Treatment with IL-7, IL-15, IL-17, budesonide, trespostinil, activin A and TNF-α showed no effect on any of these parameters (Additional file 2: Table S1) and thus the effects of these factors were not examined further.

IFN-β, TGFβ and MC treatment of ucMSC protects against NK cell lysis

To investigate the effect of pre-treatment of ucMSC on their susceptibility to NK cell lysis, the induction of CD107a expression on NK cells by ucMSC was analysed. The percentage of CD107a-expressing NK cells increased from 13% ± 1 to 62% ± 4 (p < 0.05) when NK cells were exposed to untreated ucMSC (Fig. 1), however pre-treatment of ucMSC with IFN-β, TGFβ and MC reduced the increase in CD107a expression on NK cells to 45% ± 1 (p < 0.05), 51% ± 2 (p < 0.05) and 37% ± 1 (p < 0.05) respectively.
Fig. 1

CD107a-expressing NK cells after exposure to pre-treated ucMSC. a Representative FACS plots of CD107a expression on NK cells, without ucMSC (left), with untreated ucMSC (middle), with IFN-γ-treated ucMSC (right) b Graph displaying boxplots of CD107a-expressing NK cells after exposure to the various pre-treated MSC (untreated, IFN-γ, IFN-β, TGFβ, starvation, vitamin B6, Starv + VitB6, retinoic acid and combination IFN-γ + TGFβ + RA (MC)). Results are shown as means ± SEM (n = 4). *Indicates significant difference (p < 0.05). IFN-γ interferon gamma, MC multiple cytokine cocktail, NK natural killer cells, RA retinoic acid, Starv starvation, serum deprivation, TGFβ transforming growth factor beta, ucMSC umbilical cord-derived mesenchymal stromal cells, VitB 6 vitamin B6, pyridoxal hydrochloride

Pre-treated MSC inhibit T cell proliferation and IFN-γ production

To examine the potential of MSC to inhibit CD4 and CD8 T cell proliferation and IFN-γ production, αCD3CD28-activated PBMCs were co-cultured at different ratios with pre-treated ucMSC. CD4 and CD8 T cell proliferation was inhibited in a dose-dependent manner by all ucMSC (Fig. 2a/b). UcMSC treated with IFN-γ and MC suppressed CD4 and CD8 T cell proliferation more potently than untreated MSC (Fig. 2a/b). However, none of the pre-treated ucMSC was able to significantly reduce the intracellular IFN-γ content of CD4 and CD8 T cells, compared to the untreated MSC (Fig. 2c/d).
Fig. 2

Inhibition of CD4 and CD8 T cell proliferation and intracellular IFN-γ production. MSC and αCD3CD28-stimulated and CSFE-labelled PBMCs were co-cultured at different ratios for 7 days. Thereafter proliferation of a CD4 and b CD8 T cells was measured utilizing CFSE dilution with FACS. Proliferation is expressed as the percentage of proliferating cells relative to the positive control in the absence of ucMSC. c IFN-γ production by CD4 and d CD8 T cells was measured using FACS and an intracellular labelling of IFN-γ. The IFN-γ-containing CD4 and CD8 T cells are represented as a percentage from the CD4 or CD8 T cell population. Results are shown as means ± SEM (n = 5). *Indicates significant difference (p < 0.05). IFN-γ interferon gamma, MC multiple cytokine cocktail, PBMC peripheral blood mononuclear cells, RA retinoic acid, Starv starvation, serum deprivation, TGFβ transforming growth factor beta, ucMSC umbilical cord-derived mesenchymal stromal cells, VitB 6 vitamin B6, pyridoxal hydrochloride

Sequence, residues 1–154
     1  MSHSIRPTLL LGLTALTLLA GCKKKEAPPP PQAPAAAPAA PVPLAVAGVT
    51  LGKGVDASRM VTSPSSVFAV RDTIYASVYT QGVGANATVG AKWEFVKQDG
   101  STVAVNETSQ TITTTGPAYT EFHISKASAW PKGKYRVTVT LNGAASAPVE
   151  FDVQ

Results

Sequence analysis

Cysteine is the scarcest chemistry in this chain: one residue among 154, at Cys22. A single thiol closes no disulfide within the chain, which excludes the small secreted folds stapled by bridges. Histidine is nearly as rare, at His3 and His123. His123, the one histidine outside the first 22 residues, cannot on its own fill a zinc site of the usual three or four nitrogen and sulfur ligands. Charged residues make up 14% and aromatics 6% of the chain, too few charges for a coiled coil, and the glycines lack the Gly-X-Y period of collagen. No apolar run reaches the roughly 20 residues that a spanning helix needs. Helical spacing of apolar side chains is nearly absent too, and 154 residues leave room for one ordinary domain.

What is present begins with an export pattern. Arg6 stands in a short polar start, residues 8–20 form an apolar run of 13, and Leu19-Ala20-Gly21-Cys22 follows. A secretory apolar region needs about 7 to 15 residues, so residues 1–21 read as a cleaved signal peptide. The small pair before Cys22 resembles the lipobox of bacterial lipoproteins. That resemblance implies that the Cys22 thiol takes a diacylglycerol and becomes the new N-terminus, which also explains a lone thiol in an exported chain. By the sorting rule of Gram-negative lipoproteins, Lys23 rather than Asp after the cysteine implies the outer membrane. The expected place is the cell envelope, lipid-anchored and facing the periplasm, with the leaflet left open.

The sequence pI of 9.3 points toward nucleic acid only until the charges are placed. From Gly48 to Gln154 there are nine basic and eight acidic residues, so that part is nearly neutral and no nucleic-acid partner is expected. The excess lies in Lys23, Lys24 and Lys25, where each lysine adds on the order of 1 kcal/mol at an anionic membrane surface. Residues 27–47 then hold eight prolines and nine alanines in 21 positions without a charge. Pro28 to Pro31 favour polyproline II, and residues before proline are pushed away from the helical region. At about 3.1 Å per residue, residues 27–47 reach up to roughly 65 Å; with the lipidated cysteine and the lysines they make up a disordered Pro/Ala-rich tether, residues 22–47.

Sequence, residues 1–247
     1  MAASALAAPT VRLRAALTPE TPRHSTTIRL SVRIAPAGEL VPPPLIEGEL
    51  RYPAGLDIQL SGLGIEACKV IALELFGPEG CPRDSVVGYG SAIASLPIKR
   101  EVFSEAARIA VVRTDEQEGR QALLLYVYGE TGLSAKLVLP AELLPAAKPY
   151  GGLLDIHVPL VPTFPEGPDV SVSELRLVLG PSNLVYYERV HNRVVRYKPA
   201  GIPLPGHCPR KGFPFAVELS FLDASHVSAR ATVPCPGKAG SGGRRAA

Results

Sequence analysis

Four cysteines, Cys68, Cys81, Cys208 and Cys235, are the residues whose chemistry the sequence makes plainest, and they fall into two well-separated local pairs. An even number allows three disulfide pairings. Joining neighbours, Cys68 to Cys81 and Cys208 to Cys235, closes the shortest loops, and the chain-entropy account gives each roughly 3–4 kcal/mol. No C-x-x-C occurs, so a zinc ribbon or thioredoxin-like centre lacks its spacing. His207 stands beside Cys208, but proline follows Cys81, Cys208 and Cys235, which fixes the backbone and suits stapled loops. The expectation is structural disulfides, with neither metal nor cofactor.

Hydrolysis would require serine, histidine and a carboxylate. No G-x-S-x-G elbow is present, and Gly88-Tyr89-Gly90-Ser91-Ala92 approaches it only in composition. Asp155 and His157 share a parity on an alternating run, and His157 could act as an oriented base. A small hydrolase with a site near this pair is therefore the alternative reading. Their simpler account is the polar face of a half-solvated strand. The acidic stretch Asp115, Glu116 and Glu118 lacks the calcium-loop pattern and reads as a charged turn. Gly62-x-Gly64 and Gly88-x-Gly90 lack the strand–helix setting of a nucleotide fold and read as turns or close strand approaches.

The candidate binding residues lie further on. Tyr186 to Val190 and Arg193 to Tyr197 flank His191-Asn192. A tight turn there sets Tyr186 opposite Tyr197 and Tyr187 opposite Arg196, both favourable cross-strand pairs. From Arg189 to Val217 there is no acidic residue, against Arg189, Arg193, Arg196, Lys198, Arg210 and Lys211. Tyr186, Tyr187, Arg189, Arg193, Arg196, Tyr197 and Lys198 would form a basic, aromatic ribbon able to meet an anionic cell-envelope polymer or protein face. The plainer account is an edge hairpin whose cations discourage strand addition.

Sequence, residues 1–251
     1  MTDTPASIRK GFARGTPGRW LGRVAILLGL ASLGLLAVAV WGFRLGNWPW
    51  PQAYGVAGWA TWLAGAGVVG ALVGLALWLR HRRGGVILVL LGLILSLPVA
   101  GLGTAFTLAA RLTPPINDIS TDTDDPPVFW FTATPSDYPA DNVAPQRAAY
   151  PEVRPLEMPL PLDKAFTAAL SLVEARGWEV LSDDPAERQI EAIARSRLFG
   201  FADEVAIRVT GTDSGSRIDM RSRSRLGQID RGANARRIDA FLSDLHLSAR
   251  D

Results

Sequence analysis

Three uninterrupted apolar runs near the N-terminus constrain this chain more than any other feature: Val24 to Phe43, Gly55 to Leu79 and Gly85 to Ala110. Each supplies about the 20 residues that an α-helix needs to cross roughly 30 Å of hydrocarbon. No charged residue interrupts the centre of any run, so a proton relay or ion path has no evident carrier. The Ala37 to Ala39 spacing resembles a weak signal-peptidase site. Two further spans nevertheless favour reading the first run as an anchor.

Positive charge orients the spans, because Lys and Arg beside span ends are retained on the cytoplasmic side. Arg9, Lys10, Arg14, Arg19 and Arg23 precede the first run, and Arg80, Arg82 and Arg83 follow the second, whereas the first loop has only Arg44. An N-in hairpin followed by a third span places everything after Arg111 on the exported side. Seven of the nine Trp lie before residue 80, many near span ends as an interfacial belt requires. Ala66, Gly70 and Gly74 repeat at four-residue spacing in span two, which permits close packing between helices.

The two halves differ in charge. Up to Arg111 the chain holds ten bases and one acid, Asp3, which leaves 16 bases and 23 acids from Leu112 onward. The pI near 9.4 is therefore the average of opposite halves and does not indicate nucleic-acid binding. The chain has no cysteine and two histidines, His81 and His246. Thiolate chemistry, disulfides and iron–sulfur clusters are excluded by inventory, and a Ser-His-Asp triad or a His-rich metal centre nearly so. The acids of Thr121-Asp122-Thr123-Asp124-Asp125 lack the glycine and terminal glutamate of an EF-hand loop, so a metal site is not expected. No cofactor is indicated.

Effect of ucMSC in CCl4-induced liver inflammation model

To examine the immunomodulatory capacity of pre-treated ucMSC in CCl4-treated mice, serum levels of inflammatory associated cytokines MCP-1 and IP-10 were measured 3 days after cell infusion (Fig. 3a/b). Whilst significantly elevated levels were observed when comparing healthy to liver-injured mice, no significant differences were observed with ucMSC infusion. Similarly, infusion of pre-treated ucMSC did not reduce ALT levels as a marker of liver damage with respect to the CCL4 control or compared to infusion with untreated ucMSC (Fig. 3c). As no immunomodulation was observed; biodistribution of ucMSC was subsequently examined.
Fig. 3

Effects on inflammation and liver damage in CCL4-induced liver injury and biodistribution of pre-treated MSC. Pretreated MSC were labelled with fluorescent Qtracker 605 beads and intravenously infused in C57BL/6 mice. a Levels of MCP-1, b IP-10 and c ALT were measured in the serum 72 hours after ucMSC infusion. d Representative images of the biodistribution of pre-treated MSC in vivo 4 hours after ucMSC infusion. Yellow dots correspond with a cluster of observed MSC. e Representative image of ucMSC labelled with Qtracker 605 beads, still visible in MSC 4 hours after labelling. f Diagram showing the percentage of infused ucMSC 4 hours after administration. Figures (g) and (h) show the relative number of ucMSC in lungs and liver, respectively, calculated from the total number of detected ucMSC. Results are shown as means ± SEM (n = 4). *Indicates significant difference (p < 0.05) with respect to the CCL4 control. ALT alanine aminotransferase, CCl 4 carbon tetrachloride, IFN-γ interferon gamma, MC multiple cytokine cocktail, MCP-1 monocyte chemotactic protein-1, RA retinoic acid, Starv starvation, serum deprivation, TGFβ transforming growth factor beta, ucMSC umbilical cord-derived mesenchymal stromal cells, VitB 6 vitamin B6, pyridoxal hydrochloride